Jeffrey Bloechel makes a similar distinction between a general scientific/historical phenomenology and a Christian phenomenology. His approach is to respond to Giorgio Agamben and Alain Badiou’s analysis of Paul’s epistles. Bloechel argues that neither Agamben nor Badiou addresses Paul as a theologian but instead as a source for conceptions of human freedom from containment within the political order. (144) Agamben and Badiou take into account only the structure, not the content, which leaves them with a reading devoid of everything Paul the author cares about and wants to communicate. In particular, Agamben and Badiou ignore Paul’s desire for there to be a community of faith united in the life of the spirit. (148) Because Agamben and Badiou conscript passages of Paul’s epistles in service of their own hermeneutical agenda, they miss the author Paul’s clear purpose in writing what he did. Bloechel argues that Paul’s central interest in his writings can emerge when we avoid the temptation to think of them first of all as political texts and attend instead to the imagery he uses of the community as a body, imagery that calls us to a conversion of our basic attitudes about and orientation to the world. (151) As nonbelievers, Bloechel says, Agamben and Badiou reduce the Christian message of Jesus to “only a single, momentous event, and not necessarily a unique one.” (156) What this shows, I think, is that regardless of whether Christianity is true, the Christian believer desevers the event of Jesus from the historical background and gives it significance in history, morality, and personal eschatology. Therefore, the meaning of Christian scripture has to be understood from within that mood of belief. Otherwise, our analysis discounts both the authors and the audience of scripture, without whom the enterprise of writing and reading have no meaning.

Jean-Yves Lacoste’s analysis of Matthew 5:38-48, the Sermon on the Mount, is a theological exegesis. Lacoste seeks to understand what Jesus’s words in the sermon show us about Jesus’s place in Judaism given his claims about Jewish law. (66) Lacoste applies the phenomenological method by bracketing off the assumption of Jesus as Messiah in reading the pericope. It is naively tempting, Lacoste says, to assume Jesus’s authoritative teaching on the Jewish law in the sermon is an assertion of messianic fulfillment, but Jesus never refers to himself as Messiah. (68) With this epoché, we can try better to understand Jesus’s commands to love our enemies and to be perfect as God is perfect. Lacoste’s Christian phenomenology informs his analysis of the “difficult logic” of the sermon. (86) His analysis comes full circle in leading him back to the conclusion that “the horizon opened by the commandments of the Sermon on the Mount and the Sermon on the Plain are perceptible only by the one who sees those commandments fulfilled in the person of the man who comes from God— the Son— and probably in him.” (84)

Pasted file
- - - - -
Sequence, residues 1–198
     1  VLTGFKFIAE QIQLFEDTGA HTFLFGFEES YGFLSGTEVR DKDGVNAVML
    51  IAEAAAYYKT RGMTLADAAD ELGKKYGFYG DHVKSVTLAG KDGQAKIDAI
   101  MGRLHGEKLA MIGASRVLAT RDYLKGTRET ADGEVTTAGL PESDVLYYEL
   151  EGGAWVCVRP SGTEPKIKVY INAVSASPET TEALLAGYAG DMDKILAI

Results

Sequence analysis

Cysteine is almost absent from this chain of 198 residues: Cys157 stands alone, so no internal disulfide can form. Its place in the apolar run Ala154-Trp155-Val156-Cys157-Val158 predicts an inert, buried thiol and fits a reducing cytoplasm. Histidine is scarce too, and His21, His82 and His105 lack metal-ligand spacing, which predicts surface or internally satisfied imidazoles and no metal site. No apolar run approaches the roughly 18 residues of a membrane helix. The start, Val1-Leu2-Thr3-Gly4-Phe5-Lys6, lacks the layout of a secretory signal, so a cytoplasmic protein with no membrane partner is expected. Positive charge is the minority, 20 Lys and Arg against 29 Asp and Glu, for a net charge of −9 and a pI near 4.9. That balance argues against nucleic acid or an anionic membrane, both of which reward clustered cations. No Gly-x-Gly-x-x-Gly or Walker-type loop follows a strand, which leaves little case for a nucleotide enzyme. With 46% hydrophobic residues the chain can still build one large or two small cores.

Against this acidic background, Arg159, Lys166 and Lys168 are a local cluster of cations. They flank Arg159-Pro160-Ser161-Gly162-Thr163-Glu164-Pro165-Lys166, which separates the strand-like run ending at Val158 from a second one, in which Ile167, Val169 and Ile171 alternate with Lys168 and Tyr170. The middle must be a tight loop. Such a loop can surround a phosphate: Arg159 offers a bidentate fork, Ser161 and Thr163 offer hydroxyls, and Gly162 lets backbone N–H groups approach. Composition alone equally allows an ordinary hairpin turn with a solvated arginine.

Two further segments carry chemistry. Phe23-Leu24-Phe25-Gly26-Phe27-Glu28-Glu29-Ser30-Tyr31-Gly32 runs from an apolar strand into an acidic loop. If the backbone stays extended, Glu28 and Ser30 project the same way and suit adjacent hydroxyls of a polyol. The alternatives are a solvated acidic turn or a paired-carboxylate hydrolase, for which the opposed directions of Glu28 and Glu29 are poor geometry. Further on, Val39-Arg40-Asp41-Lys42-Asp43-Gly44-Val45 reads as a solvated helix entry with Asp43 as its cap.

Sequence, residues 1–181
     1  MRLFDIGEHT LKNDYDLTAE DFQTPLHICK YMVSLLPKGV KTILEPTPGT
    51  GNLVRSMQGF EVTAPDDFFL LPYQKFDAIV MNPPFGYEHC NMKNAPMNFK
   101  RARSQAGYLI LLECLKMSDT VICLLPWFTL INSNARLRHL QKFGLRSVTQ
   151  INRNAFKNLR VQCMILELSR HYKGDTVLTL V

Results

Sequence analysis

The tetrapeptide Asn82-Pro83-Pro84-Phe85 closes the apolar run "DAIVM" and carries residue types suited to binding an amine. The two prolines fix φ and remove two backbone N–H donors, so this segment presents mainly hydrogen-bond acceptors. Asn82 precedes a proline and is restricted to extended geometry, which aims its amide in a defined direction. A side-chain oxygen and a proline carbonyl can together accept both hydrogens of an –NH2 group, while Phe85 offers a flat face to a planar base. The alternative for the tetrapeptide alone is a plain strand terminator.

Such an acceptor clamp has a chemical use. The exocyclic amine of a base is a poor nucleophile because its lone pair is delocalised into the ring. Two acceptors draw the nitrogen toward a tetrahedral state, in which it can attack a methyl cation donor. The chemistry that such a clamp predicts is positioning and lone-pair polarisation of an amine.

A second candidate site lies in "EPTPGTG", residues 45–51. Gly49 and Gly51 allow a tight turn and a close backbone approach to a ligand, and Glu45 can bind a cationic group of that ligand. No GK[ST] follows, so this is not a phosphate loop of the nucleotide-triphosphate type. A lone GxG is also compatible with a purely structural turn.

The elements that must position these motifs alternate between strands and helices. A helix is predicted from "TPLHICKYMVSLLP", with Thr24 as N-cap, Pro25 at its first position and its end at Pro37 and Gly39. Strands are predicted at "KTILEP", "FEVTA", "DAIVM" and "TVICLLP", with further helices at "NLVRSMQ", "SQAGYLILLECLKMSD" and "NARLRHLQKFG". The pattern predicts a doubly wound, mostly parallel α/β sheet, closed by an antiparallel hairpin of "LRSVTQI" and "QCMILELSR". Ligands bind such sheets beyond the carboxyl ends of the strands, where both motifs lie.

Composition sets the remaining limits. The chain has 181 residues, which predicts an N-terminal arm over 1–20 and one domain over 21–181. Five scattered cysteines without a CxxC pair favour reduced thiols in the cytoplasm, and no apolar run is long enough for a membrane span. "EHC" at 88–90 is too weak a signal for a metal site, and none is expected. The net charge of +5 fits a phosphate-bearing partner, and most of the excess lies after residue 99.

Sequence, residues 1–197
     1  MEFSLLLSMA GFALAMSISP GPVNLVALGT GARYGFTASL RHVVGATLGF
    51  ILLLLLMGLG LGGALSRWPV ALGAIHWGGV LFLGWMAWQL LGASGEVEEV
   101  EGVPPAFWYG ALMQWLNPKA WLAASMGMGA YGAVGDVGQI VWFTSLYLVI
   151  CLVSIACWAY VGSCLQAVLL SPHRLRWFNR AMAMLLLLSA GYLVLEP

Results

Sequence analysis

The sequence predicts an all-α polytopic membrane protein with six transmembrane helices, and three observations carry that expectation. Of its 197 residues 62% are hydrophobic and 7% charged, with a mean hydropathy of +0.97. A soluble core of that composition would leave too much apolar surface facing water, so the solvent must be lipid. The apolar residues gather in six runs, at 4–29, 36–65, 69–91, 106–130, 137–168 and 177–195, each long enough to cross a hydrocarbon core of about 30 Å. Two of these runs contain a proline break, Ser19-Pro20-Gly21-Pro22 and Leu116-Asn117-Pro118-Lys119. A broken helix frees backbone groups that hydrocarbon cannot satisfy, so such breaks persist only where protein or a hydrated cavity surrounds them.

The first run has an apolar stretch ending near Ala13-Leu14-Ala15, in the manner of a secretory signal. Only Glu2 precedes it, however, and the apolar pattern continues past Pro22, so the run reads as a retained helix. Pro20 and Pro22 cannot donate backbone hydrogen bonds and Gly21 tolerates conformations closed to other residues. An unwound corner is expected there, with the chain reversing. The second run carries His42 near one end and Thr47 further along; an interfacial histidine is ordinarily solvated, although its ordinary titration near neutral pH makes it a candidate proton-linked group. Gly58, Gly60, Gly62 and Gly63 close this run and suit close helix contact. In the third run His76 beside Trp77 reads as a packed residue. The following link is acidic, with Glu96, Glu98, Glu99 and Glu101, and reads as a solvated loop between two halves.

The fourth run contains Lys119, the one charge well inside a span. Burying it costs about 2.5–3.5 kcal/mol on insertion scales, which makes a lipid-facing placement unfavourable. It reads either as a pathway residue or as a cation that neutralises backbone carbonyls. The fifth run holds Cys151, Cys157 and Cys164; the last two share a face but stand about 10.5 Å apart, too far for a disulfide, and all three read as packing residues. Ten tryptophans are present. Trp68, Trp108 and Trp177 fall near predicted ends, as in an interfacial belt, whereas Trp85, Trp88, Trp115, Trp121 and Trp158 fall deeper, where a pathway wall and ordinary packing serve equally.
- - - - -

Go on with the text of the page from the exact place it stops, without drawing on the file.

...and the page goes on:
The remaining two essays lacked critical force. Robert Sokolowski does not focus on a particular passage but on the general importance of words. Words spoken about something introduce the thing to us, he says; they bring it to mind. (22) Writing differs from speech in that the speaker can be absent. (24) But there is a tangible speaker of the scriptures, and that is the Church. The Church as the speaker of the scriptures means the scriptures are not detached and isolated but are epitomized in the Church. (26-27) This need to understand the Church’s place as speaker of scripture is why Sokolowski rejects purely historical approaches to scripture, which incline one “to think, first, that scripture trumps tradition and, second, that history trumps scripture.” (37) Sokolowski does not give us a phenomenology, even a Christian one, but a doctrinal lesson about the importance of scripture as God’s Word. The contribution by Jean-Luc Marion is a lecture that discusses the nature of the gift. This lecture is not as lucid and insightful as Marion’s other papers on the phenomenology of the gift and givenness, and I was disappointed given his other excellent work on this subject. His essay’s connection with the book’s theme is the discussion of the story of Abraham’s confirmation (Genesis 22). Marion’s interpretation of the story is strained in his attempt to fit it into his larger philosophical concerns and is not as compelling as Kierkegaard’s analysis of the story in Fear and Trembling.